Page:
Third, He was not despised for His poverty, for He had many wealthy and influential friends, and knew no lack of anything. Lazarus and his sisters, whose home was always open to Him, were people of consequence; for we are told that "many of the Jews" came to comfort the sisters when Lazarus died.

Luke says that Joanna, the wife of Chuza, the king's steward, and other women "ministered unto him of their substance"; that is, they were supporters of His work.

The king's steward was a high official, and his wife would be a prominent lady.

Joseph of Arimathea, who came to get the body of Jesus, was a well-to-do man. So, probably was Nicodemus.

Jesus healed the sick in the families of rulers and high officials, and they appear to have responded liberally in supplying His financial needs.

True, He held no property and bought no real estate; but He dressed expensively, lived well and never lacked for money. When He was crucified the soldiers cast lots for His clothing because it was too fine to cut up, as they would have done with the garments of an ordinary man; and on the night of His betrayal, when Judas went out, it was supposed by the others that he had gone to give something to the poor. It must have been their custom to give away money, or how could such a supposition have arisen?
In that country and climate, the wants of Jesus and His disciples were few and simple, and they seem to have been fully supplied. He wore fine clothes, had plenty to eat and drink, and had money to give away. Read Luke 8:1-3; Luke 5:33; Luke 23:50; John 11:19; John 12:2; John 19:23.

Jesus Was Not Humble

Fourth, Jesus was not humble, in the commonly accepted meaning of the word. He was a man of the most impressive, commanding and powerful personal appearance. He "spoke as one having authority" and "his word was with power."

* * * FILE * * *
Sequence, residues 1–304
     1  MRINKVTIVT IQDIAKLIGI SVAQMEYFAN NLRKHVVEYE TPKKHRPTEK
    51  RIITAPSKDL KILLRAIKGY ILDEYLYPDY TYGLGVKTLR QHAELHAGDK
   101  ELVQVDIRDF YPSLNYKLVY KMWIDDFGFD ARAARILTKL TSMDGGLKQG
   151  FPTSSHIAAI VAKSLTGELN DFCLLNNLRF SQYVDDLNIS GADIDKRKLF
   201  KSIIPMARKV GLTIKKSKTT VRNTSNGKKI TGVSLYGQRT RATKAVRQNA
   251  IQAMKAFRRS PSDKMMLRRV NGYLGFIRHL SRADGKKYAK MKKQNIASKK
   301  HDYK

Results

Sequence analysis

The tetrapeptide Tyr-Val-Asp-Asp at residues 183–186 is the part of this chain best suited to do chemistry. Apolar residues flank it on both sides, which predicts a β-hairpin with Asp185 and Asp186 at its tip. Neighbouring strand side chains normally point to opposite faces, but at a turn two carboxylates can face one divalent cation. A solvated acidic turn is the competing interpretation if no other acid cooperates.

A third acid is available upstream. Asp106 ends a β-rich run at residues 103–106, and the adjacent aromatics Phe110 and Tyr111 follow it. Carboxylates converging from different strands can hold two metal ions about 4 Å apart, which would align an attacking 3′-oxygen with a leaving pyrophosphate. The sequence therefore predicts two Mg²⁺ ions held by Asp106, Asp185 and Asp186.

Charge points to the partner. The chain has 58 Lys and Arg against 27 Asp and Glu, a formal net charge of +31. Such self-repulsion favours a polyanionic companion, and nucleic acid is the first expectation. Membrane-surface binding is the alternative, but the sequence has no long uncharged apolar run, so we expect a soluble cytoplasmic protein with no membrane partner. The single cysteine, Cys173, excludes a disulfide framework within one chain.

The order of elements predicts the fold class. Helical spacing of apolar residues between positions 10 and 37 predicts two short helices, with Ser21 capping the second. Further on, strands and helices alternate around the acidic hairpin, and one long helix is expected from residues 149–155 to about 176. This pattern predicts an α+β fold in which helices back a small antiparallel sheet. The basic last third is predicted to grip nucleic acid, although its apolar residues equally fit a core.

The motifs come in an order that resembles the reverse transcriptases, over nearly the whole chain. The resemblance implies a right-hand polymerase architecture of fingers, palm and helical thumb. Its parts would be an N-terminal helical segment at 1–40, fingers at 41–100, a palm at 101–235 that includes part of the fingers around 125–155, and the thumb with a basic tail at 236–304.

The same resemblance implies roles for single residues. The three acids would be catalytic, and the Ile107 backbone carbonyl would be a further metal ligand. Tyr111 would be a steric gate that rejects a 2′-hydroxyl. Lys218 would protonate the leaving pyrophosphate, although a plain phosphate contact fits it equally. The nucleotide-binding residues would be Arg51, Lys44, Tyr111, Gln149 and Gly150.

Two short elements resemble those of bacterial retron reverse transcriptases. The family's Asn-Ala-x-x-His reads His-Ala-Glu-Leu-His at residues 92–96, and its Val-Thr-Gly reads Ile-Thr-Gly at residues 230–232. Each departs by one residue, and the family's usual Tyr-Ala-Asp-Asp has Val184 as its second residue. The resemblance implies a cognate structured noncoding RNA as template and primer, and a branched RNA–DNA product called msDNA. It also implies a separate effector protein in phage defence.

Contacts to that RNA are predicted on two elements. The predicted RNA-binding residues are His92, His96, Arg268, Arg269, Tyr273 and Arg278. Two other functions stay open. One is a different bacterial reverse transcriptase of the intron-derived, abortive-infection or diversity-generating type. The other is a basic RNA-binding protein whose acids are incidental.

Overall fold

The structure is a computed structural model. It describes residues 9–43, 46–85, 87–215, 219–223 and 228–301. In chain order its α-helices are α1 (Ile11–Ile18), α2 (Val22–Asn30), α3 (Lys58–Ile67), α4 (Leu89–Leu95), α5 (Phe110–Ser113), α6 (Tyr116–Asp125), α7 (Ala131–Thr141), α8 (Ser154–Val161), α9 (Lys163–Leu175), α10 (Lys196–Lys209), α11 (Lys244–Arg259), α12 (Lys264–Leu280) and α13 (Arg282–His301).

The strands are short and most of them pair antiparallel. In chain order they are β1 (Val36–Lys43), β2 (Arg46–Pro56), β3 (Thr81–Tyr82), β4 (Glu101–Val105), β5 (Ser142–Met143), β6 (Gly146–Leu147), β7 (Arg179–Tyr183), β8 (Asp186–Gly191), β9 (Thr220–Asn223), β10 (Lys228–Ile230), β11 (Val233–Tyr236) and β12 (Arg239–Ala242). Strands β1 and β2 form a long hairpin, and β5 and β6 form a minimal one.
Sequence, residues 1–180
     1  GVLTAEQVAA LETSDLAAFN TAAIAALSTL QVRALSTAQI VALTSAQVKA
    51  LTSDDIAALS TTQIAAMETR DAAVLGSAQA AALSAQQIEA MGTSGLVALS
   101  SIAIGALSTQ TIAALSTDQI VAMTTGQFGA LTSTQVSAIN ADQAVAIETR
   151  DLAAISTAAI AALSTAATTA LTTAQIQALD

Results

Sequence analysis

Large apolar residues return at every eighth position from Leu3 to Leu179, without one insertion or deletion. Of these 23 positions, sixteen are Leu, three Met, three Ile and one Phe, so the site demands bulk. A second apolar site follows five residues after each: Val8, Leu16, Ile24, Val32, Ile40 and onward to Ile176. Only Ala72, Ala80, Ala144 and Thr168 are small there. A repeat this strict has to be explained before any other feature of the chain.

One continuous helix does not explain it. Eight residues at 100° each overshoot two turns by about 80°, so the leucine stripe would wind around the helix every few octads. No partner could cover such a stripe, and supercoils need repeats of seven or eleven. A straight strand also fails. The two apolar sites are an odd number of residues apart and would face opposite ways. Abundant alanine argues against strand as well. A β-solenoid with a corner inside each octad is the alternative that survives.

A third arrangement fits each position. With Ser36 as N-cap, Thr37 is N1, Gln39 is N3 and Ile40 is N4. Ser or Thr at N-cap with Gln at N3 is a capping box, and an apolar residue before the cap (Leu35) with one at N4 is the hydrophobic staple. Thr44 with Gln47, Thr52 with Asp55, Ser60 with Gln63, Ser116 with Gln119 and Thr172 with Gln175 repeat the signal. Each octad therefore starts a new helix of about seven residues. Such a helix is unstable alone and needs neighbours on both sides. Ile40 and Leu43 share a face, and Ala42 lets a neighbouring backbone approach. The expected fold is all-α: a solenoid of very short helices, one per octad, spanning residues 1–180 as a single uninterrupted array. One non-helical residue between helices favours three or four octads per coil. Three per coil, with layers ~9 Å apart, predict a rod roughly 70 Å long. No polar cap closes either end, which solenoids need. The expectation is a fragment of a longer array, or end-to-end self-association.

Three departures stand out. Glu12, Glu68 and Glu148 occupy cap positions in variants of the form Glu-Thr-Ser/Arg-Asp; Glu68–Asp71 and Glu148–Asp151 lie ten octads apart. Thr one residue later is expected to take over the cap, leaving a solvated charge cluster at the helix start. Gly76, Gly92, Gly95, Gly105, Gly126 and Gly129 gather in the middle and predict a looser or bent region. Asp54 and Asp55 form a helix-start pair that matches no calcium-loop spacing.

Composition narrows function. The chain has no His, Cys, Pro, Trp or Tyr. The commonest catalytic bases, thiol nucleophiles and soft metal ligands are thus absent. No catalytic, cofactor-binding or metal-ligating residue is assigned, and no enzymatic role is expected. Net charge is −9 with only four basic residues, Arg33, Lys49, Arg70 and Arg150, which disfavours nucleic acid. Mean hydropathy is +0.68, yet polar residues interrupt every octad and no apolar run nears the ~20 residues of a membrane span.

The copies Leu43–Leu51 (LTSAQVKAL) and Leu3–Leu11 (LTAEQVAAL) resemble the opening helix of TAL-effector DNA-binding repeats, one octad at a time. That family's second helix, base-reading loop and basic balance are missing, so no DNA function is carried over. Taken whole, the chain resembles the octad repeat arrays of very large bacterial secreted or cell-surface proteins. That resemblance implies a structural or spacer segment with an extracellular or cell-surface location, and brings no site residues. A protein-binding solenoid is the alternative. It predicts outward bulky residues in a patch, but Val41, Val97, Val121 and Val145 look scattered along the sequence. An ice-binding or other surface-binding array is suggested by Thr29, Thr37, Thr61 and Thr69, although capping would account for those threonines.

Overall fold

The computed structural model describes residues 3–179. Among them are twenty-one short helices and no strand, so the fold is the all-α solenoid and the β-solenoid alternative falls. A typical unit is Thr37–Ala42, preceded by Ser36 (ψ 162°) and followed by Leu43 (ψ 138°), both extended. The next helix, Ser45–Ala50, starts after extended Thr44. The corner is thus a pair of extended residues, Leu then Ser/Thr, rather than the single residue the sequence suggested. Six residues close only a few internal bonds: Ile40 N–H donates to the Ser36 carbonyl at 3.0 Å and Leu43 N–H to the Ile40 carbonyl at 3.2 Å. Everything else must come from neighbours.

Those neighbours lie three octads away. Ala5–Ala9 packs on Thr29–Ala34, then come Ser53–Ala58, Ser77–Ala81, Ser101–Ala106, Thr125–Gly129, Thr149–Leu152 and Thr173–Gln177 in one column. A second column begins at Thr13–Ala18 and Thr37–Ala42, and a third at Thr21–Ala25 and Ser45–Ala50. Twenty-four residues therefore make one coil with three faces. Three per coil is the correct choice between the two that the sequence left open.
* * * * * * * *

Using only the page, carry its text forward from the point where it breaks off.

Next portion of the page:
Frequently, we are told, great fear and awe fell upon the people at His mighty words and works. In one place they were so frightened that they besought Him to leave; and John tells how certain officers sent to arrest Him in the market place lost their nerve in His commanding presence, and went back, saying "Surely, never man spake like this man."

On the night of His arrest a band of soldiers approached Him in the grove and asked for Jesus of Nazareth; and when He answered "I am he," such was His majesty and psychic power that they prostrated themselves; "they went backward," the account says, "and fell to the ground" (John 18:6).

To be like the Christ of the four Gospels, one must be learned, well dressed, well supplied with money, and of noble and commanding appearance, speaking with authority, and having tremendous magnetic power. And now, what was His attitude toward His fellow men?